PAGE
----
Brave New Brain: Conquering Mental Illness in the Era of the Genome
Nancy C Andreasen
Oxford University Press, £19.99, pp 368
ISBN 0 19 514509 7
In 1984 Professor Andreasen published a book called The Broken Brain: The
Biological Revolution in Psychiatry. This influenced many latter day
psychiatrists (myself included). Now Andreasen has produced a work in which
she attempts to assay the field of contemporary psychiatric research, as
psychiatry enters the 21st century, sandwiched between two major technological
developments: the sequencing of the human genome and the use of neuroimaging
to examine the structure and function of the living brain.
Is there a need for such a work? Are we not already deluged by brain books?
Certainly, if there were a need then Andreasen would be a suitable guide. She
is editor of the American Journal of Psychiatry, has contributed to the
composition of the Diagnostic and Statistical Manual of Mental Disorders, has
made significant contributions to the field of schizophrenia research, has
studied the relationship between creativity and mental illness scientifically,
and has also published early work on post-traumatic stress disorder (before it
acquired that name). So, on all levels she is amply qualified. But do we need
This book differs from others in that it is written by someone who has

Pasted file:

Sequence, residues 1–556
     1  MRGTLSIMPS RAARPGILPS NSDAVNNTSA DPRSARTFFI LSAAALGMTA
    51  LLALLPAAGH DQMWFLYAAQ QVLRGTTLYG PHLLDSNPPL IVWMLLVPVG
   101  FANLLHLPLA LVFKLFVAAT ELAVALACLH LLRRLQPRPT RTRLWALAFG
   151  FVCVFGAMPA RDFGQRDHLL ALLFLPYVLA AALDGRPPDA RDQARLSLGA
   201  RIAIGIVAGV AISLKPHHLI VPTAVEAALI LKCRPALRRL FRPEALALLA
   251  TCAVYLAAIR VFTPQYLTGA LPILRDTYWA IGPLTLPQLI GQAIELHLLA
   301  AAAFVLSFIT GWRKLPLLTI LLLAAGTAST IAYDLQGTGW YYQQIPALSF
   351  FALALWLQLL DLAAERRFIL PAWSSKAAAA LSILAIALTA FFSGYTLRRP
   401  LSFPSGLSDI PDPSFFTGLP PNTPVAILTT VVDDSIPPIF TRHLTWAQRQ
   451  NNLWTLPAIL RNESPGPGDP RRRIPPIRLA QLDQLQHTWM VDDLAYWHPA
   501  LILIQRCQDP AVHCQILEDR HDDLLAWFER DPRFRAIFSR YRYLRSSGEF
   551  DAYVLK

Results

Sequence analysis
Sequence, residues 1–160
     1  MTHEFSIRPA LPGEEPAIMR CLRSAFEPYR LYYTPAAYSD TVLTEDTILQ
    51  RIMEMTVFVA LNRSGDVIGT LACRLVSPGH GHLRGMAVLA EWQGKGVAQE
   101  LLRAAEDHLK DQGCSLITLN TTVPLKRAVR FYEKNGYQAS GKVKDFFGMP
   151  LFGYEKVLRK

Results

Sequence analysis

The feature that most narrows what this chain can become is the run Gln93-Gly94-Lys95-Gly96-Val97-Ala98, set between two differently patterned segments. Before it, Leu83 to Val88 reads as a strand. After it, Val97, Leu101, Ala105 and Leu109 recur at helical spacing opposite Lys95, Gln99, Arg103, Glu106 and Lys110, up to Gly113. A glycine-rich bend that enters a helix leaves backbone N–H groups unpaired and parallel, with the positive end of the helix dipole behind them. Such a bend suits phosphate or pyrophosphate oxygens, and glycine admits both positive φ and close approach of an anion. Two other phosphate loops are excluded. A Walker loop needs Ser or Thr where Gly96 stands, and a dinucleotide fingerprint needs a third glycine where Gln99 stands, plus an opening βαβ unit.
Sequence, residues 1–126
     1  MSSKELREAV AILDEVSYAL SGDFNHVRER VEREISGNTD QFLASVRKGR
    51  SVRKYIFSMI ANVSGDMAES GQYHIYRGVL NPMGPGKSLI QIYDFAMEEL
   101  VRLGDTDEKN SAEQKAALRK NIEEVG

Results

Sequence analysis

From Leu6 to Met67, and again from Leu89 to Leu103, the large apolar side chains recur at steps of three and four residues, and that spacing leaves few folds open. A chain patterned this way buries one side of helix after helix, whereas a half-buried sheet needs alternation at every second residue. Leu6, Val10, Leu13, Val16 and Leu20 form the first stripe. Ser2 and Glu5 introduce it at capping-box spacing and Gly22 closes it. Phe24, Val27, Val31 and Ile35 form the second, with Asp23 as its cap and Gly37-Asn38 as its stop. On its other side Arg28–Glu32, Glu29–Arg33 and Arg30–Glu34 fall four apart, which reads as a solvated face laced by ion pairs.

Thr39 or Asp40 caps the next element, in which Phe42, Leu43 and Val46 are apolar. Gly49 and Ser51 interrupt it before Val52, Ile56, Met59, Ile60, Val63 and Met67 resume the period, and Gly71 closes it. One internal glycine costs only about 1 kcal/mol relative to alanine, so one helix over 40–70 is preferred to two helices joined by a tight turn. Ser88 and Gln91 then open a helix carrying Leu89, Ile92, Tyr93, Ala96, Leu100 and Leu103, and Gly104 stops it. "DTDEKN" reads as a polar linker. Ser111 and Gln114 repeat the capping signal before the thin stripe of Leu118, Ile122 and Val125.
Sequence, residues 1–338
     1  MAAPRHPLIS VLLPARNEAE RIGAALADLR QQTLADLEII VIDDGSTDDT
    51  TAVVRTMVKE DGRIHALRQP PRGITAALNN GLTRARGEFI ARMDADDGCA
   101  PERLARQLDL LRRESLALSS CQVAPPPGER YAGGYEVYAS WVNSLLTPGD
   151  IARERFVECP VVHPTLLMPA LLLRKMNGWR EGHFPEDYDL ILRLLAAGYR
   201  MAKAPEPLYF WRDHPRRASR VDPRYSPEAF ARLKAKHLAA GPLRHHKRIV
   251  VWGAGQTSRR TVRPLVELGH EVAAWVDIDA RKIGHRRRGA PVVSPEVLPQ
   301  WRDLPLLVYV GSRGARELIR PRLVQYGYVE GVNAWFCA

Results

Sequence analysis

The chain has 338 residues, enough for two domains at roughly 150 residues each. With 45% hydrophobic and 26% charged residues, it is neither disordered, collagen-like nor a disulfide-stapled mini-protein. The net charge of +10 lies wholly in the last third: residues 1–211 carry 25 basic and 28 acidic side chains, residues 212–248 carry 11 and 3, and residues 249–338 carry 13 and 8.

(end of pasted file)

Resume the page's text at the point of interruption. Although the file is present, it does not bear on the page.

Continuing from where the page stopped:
conducted original research, while continuing to treat patients. Andreasen can
write scientifically, while also addressing the concerns of lay people. Many
of the chapters begin with case vignettes (some of them very moving) and
throughout Andreasen see-saws between cogent descriptions of scientific
concepts and reference points that all will understanda film that deals with
schizophrenia, a novel whose character was depressed, and so on. This is a
detailed text, not a coffee table book. It explains the principles of the new
genetics, the anatomy of neurotransmitter systems, and the methodology of
brain scanning. In four chapters devoted to diseases, Andreasen explains
schizophrenia, mood disorders, dementia, and anxiety. She does not shirk
ethical dilemmas and possesses a humane voice.
Where are the weaknesses? As with any book that attempts to cover a broad
field, some infelicities occur. These are probably slips of the pen: the
putamen lies lateral and not medial to the globus pallidus (p 73); reduced not
elevated serotonergic tone is associated with impulsivity and suicide (p 311);
and in the index, the name of one British psychiatrist is left floating, with
no page attribution (obsessives will find Johnstone, Eve, on p 143).
Elsewhere, the balance of Andreasen's expertise is clearly present in the
schizophrenia chapter, while that on dementia lacks the same degree of detail.
However, these are minor points. I think a lay reader, a medical student, or a
generalist who wishes to update on current psychiatry will find much that is
useful and inspiring in Brave New Brain.
--- --- --- --- ---
Useless hypotheses, etc.:
consciousness, phlogiston, philosophy, vitalism, mind, free will, qualia,
analog computing, cultural relativism, GAC, Cyc, Eliza, cryonics, individual
uniqueness, ego, human values, scientific relinquishment, malevolent AI,
We move into a better future in proportion as science displaces superstition.
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